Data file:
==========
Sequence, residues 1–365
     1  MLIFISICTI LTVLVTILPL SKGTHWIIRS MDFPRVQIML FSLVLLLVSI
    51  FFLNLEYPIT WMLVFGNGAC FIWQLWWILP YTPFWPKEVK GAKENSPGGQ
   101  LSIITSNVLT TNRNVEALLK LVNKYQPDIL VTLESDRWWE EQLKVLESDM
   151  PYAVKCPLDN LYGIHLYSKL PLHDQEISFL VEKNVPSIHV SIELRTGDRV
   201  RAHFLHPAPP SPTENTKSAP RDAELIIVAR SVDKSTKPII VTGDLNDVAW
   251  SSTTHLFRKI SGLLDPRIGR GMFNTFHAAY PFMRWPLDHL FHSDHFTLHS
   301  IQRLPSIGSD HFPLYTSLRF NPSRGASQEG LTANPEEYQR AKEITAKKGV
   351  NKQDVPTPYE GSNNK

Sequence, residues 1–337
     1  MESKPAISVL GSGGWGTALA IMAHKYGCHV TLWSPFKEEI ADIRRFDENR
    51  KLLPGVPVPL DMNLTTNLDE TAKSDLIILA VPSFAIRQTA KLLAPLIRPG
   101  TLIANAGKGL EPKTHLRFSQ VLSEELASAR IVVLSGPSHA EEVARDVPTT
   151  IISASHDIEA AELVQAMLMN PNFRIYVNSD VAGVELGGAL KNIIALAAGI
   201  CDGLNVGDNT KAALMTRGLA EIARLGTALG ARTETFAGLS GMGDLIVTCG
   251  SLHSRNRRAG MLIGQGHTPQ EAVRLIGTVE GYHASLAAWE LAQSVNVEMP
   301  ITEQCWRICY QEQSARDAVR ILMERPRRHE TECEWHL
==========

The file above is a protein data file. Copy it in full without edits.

Sequence, residues 1–365
     1  MLIFISICTI LTVLVTILPL SKGTHWIIRS MDFPRVQIML FSLVLLLVSI
    51  FFLNLEYPIT WMLVFGNGAC FIWQLWWILP YTPFWPKEVK GAKENSPGGQ
   101  LSIITSNVLT TNRNVEALLK LVNKYQPDIL VTLESDRWWE EQLKVLESDM
   151  PYAVKCPLDN LYGIHLYSKL PLHDQEISFL VEKNVPSIHV SIELRTGDRV
   201  RAHFLHPAPP SPTENTKSAP RDAELIIVAR SVDKSTKPII VTGDLNDVAW
   251  SSTTHLFRKI SGLLDPRIGR GMFNTFHAAY PFMRWPLDHL FHSDHFTLHS
   301  IQRLPSIGSD HFPLYTSLRF NPSRGASQEG LTANPEEYQR AKEITAKKGV
   351  NKQDVPTPYE GSNNK

Sequence, residues 1–337
     1  MESKPAISVL GSGGWGTALA IMAHKYGCHV TLWSPFKEEI ADIRRFDENR
    51  KLLPGVPVPL DMNLTTNLDE TAKSDLIILA VPSFAIRQTA KLLAPLIRPG
   101  TLIANAGKGL EPKTHLRFSQ VLSEELASAR IVVLSGPSHA EEVARDVPTT
   151  IISASHDIEA AELVQAMLMN PNFRIYVNSD VAGVELGGAL KNIIALAAGI
   201  CDGLNVGDNT KAALMTRGLA EIARLGTALG ARTETFAGLS GMGDLIVTCG
   251  SLHSRNRRAG MLIGQGHTPQ EAVRLIGTVE GYHASLAAWE LAQSVNVEMP
   301  ITEQCWRICY QEQSARDAVR ILMERPRRHE TECEWHL